Banks: 'We proposed code first'

BY SHAMILLE SCOTT Business reporter

Wednesday, September 26, 2012    

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JAMAICA'S Bankers have hit back at the Consumer Affairs Commission, which claimed earlier this week that the they were dragging their heels on a new code of conduct.

On the contrary, said the Jamaica Bankers Association (JBA), it is not only open to a banking code, but was

first to submit a draft to the central bank.

"When we were contacted by the Consumer Affairs Commission last year to adopt the code that they recommended we advised them of the association's efforts in developing our own code which predated their request,"

said Bruce Bowen, the association's president.

The JBA said its regulator, the Bank of Jamaica (BOJ), has informed the commission of the imminence of the Omnibus Code which would incorporate mandatory provisions.

"The JBA's intention has never been to shun the CAC,"

Bowen said.

The central bank has indicated that submissions made by the association as well as the commission were considered in the Enforceable Bankers' Code of Conduct, which will be incorporated in the proposed Omnibus Bill being developed by the BOJ.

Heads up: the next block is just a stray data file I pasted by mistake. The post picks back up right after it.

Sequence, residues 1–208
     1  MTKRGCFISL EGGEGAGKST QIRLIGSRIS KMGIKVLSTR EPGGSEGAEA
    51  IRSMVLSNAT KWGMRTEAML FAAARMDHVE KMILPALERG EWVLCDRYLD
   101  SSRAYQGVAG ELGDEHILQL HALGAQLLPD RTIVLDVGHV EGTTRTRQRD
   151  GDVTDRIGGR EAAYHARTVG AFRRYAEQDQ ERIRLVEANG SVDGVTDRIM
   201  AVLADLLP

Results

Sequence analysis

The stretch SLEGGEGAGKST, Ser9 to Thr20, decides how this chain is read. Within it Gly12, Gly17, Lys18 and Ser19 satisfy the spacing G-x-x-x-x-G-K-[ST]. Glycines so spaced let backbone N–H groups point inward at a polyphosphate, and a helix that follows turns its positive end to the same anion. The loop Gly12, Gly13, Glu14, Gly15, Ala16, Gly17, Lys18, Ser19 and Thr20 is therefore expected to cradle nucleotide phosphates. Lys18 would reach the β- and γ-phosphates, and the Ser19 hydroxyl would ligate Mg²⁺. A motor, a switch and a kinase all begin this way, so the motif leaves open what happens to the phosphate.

The BOJ is expected to take into consideration provisions from both the JBA's voluntary code of banking practice and the CAC's code, as well as what is done in other countries.

Candice Ramessar, project

co-ordinator of Consumers International, told the Jamaica Observer's Monday Exchange she was perturbed by the JBA's almost "non-involvement or refusal to interact with the representatives of the consumers in Jamaica."

The advocates in this case were the Consumer Affairs Commission and the National Consumers League.

A voluntary code that seeks compromise when consumers and their banks fall out is yet to be instituted in Jamaica.

A code of that nature can guide the expectations of customers about their rights and responsibilities, Bowen said.

The association said it put time and resources into developing a code before it was made aware of the CAC's venture and had discussions with the BOJ on the banking policy.

Trinidad and Tobago has enforced a code and Scotiabank in Canada also has a banking policy, much like the one that is being proposed by the CAC for Jamaica.

Before the code becomes a part of the framework of Jamaica's financial services, consultation is needed.

In an attempt to not have its efforts duplicated, Bowen said the JBA advised the CAC that the group wished to continue dialogue with the BOJ.

The membership of the JBA say they will comply with the Omnibus Code when it is brought into effect.

The code drafted by the CAC sets standards for non-discriminatory access; service provision; product information, terms and conditions; the format of contracts; variation in fees and charges; credit information and provides for a cooling off period after customers sign on the dotted line.

It asks that the banking sector commit to a three-year review of the Code.





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